Gay dating is like job hunting

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When Tinder became available to all smartphone users in , it ushered in a new era in the history of romance. It aimed to give readers the backstory on marrying couples and, in the meantime, to explore how romance was changing with the times. But in , seven of the 53 couples profiled in the Vows column met on dating apps. The year before, 71 couples whose weddings were announced by the Times met on dating apps. Dating apps originated in the gay community; Grindr and Scruff, which helped single men link up by searching for other active users within a specific geographic radius, launched in and , respectively.

Job Hunting Is Like Dating (It’s EXHAUSTING)

Why job hunting is just like dating | On the Blog

Two gay twin brothers want to promote inclusion in the workplace for LGBT communities with their new LinkedIn-style networking site. London-based twins Adrien and Pierre Gaubert founded myGwork after both experiencing homophobic behaviour in their previous places of work. They want to help LGBT professionals find their dream job, by creating a platform for networking, job searching and sharing experiences. Members can register for free to upload a profile and CV, search for jobs, ask for advice from other members and browse a list of networking and social events. For businesses looking to list their jobs on the site, there is a small fee. The myGwork blog also collects LGBT-related news articles for members, so they can keep up to date with the latest issues affecting LGBT professionals in the workplace. In turn we know that his leads to improved morale, productivity and staff retention — factors that benefit everyone in the working environment.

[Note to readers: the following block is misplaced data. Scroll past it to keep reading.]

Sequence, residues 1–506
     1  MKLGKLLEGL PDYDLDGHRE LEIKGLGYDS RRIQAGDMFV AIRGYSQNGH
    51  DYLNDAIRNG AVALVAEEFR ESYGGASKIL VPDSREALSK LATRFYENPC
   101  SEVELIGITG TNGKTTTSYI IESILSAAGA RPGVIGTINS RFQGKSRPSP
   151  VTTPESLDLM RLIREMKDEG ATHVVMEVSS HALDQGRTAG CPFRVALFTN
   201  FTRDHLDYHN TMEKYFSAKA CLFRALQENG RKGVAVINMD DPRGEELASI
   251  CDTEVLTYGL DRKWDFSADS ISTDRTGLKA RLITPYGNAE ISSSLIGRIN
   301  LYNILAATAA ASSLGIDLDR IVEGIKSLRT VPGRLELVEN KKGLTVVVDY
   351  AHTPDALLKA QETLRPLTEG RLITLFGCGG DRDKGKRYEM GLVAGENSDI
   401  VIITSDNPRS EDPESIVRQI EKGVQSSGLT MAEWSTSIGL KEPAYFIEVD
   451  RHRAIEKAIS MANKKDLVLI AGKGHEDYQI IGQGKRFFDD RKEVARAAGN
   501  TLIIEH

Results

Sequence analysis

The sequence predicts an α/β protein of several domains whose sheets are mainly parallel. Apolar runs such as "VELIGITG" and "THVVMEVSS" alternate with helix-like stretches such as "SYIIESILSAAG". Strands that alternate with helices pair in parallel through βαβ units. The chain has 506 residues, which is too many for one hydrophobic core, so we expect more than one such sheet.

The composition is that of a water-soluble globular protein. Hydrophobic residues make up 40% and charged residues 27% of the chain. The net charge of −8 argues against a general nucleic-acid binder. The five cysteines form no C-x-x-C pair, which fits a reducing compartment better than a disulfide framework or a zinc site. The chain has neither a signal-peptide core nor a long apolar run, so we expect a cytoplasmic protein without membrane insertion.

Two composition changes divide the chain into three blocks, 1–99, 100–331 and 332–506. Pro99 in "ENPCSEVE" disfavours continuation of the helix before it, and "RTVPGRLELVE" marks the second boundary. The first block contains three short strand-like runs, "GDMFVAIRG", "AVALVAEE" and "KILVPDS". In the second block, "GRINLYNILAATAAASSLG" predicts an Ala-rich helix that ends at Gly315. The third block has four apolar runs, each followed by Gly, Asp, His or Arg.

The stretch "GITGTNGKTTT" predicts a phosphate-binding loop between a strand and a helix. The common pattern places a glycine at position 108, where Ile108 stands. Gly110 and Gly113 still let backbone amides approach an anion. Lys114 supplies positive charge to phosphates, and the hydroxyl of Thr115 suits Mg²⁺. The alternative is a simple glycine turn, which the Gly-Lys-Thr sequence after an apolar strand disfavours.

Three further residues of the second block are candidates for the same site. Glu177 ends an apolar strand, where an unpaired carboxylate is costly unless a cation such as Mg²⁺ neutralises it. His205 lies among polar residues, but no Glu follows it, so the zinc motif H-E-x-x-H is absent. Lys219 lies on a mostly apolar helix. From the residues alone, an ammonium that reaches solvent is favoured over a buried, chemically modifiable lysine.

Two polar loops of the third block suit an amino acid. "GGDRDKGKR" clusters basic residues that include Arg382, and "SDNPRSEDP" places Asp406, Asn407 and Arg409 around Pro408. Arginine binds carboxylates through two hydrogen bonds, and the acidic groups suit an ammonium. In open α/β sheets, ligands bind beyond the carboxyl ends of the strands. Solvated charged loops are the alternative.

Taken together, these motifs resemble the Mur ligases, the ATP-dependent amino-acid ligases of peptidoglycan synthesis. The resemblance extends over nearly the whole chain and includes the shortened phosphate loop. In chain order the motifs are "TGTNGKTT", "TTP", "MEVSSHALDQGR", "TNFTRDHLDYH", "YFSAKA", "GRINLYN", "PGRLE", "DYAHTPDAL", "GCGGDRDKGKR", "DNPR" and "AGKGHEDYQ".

6 'Rules' of Dating That Apply to Your Job Search

You may not have realised, however, that BRO is also the name of a new social app just for men. It also appears a lot like a hook-up app. So is it a place for straight, manly men to date other straight, manly men?
A woman who posed as a man on a gay dating app has been jailed for sending naked photos of a man to his family. Yannick Glaudin, 30, admitted in July to disclosing private sexual photos and stalking as part of her "disturbing campaign of harassment". She set up fake accounts to cause distress to the victim, whom she never met, and his new boyfriend after he ended their online relationship. The pair exchanged phone numbers, email addresses and even the victim's CV as he was job-hunting.

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